For security and emergency services, there are police stations and fire departments. The latter plays a very significant role, as fire cases are common in Kampong Ayer, in which the main causes include faulty wiring and susceptibility of houses and infrastructures to fire due to many are built with wood.
As a major historical and cultural heritage of Brunei, there has been increasing concern on the survival of Kampong Ayer in modern times. This is factored by the emigration and relocation of the inhabitants to land. Over the last few decades, the overall population has been shrinking, estimated to have decreased from about 28,000 in 1981 to 13,000 in 2011. The diminishing population, added with the busy modern lifestyle, are threatening the survival of the customs and traditions practiced in Kampong Ayer. It also weakens the sense of community among the residents.
The floating of rubbish and sewage on the waters of Kampong Ayer is a persisting issue despite substantial measures and initiatives taken by various government and non-government agencies. It is acknowledged that the sources of the problem are not simply from within Kampong Ayer but may also due to ineffective waste management on land, specifically in the vicinity of upstream tributaries and streams of the Brunei River, in which Kampong Ayer lay along its downstream flow. Measures have been implemented by the government which include upgrading and installation of sewage treatment works in the catchment areas, as well as installation of rubbish collection system in the villages of Kampong Ayer. However, complete success is still yet to be seen. Systematic sewage disposal in Kampong Ayer itself is only feasible on public housing villages, namely Bolkiah 'A', Bolkiah 'B' and Sungai Bunga, where they have organised residential layout, where as in the traditional villages, which constitute the majority of Kampong Ayer areas, such disposal system is still not yet available.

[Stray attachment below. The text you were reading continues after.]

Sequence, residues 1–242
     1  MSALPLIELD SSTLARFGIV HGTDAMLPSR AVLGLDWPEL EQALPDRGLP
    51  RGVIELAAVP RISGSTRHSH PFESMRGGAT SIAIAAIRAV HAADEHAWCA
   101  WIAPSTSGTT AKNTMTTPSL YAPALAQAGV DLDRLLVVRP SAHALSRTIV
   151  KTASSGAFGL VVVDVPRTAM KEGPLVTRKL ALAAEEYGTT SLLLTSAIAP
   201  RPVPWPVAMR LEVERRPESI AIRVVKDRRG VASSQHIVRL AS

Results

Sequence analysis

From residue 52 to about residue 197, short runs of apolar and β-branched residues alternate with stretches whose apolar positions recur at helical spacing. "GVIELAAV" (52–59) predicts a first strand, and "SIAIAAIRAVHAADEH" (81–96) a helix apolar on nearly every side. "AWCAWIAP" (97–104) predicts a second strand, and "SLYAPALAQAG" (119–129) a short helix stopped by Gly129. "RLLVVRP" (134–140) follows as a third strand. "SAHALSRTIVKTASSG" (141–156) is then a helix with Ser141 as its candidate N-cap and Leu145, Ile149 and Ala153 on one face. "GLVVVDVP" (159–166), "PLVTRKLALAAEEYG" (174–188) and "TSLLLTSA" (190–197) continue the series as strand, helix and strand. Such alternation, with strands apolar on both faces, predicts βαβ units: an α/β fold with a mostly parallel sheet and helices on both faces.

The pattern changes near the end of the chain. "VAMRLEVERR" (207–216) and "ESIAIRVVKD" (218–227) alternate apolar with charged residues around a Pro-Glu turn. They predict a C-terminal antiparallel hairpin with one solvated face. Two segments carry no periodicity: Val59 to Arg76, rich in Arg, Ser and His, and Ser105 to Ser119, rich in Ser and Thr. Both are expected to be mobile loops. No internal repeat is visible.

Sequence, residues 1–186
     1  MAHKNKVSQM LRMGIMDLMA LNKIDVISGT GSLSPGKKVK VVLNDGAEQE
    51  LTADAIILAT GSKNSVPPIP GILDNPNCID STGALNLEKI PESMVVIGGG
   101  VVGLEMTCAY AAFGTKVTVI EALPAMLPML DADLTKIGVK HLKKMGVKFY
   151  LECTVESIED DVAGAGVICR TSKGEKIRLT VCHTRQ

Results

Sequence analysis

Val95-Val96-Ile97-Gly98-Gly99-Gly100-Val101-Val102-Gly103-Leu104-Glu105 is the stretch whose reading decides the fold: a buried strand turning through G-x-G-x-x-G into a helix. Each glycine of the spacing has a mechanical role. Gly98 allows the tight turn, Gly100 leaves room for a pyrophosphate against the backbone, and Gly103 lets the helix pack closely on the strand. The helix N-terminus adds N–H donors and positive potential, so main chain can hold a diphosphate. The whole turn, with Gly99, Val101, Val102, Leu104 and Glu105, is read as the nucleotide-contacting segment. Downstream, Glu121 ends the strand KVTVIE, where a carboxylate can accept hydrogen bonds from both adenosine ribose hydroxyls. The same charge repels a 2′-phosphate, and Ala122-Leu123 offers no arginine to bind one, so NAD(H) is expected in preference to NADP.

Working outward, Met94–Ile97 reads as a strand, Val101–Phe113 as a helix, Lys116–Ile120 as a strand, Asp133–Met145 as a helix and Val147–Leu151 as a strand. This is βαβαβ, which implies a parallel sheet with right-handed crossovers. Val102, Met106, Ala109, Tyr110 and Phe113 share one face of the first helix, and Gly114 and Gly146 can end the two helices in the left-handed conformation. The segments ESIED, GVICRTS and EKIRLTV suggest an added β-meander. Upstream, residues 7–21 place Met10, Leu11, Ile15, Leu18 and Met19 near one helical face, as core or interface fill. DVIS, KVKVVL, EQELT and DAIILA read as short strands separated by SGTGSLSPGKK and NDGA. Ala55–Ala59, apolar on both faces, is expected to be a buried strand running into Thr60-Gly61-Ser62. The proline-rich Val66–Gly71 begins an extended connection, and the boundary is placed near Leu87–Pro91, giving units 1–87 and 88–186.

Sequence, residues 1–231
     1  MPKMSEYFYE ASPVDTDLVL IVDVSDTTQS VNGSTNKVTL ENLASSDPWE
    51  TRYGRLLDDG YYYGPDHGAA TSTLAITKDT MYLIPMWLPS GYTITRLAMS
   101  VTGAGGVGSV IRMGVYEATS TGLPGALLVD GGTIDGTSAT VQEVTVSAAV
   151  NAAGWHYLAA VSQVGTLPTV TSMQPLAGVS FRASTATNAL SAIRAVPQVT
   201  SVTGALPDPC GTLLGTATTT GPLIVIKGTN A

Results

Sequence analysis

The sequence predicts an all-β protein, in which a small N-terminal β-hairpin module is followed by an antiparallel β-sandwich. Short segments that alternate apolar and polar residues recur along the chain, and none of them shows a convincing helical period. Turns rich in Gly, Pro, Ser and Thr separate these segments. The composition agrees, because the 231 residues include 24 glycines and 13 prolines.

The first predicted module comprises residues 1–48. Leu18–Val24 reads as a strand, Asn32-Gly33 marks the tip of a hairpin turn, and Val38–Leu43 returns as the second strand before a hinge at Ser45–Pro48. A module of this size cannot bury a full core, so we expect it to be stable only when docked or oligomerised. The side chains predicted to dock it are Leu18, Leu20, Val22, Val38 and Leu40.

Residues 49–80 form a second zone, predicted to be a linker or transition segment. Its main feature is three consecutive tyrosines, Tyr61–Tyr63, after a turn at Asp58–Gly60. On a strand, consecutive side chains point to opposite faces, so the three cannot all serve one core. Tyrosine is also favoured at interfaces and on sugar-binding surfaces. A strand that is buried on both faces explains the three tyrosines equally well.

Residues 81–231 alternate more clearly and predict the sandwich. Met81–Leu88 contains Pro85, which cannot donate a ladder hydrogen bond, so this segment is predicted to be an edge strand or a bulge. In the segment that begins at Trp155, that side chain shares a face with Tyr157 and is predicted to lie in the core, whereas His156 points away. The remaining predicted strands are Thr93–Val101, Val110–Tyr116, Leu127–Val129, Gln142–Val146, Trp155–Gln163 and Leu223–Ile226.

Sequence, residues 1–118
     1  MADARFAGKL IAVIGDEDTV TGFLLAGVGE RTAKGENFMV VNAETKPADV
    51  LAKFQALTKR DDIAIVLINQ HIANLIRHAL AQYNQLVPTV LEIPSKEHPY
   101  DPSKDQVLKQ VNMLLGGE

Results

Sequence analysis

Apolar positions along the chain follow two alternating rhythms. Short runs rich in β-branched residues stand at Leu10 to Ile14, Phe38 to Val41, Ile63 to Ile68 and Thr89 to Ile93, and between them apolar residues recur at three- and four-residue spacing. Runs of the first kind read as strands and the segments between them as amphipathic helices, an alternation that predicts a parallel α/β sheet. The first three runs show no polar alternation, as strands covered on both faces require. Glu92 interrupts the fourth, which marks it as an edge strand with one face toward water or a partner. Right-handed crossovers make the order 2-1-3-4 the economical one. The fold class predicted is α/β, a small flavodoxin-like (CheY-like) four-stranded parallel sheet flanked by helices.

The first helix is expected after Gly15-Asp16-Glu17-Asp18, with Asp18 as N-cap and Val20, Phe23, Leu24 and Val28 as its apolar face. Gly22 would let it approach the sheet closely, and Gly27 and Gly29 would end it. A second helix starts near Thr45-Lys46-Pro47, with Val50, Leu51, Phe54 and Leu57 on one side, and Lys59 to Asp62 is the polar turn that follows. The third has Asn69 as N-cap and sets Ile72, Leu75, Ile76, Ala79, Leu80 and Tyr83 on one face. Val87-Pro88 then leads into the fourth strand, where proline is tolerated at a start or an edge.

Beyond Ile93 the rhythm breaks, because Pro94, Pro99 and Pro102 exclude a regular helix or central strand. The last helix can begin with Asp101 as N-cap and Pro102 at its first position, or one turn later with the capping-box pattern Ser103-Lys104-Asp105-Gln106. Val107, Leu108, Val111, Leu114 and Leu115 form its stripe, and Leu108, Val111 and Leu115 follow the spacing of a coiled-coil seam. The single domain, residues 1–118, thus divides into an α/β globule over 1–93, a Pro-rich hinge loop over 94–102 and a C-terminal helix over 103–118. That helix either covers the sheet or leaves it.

Non-government organisations also play significant roles in combatting this issue. Together with the government, as well as the general public, in particular the Kampong Ayer residents, multiple cleaning campaigns have been conducted. Awareness programmes to the public on the importance of waste management have also been carried out for many years. Again, the effectiveness of such programmes have yet to completely yield the desired results.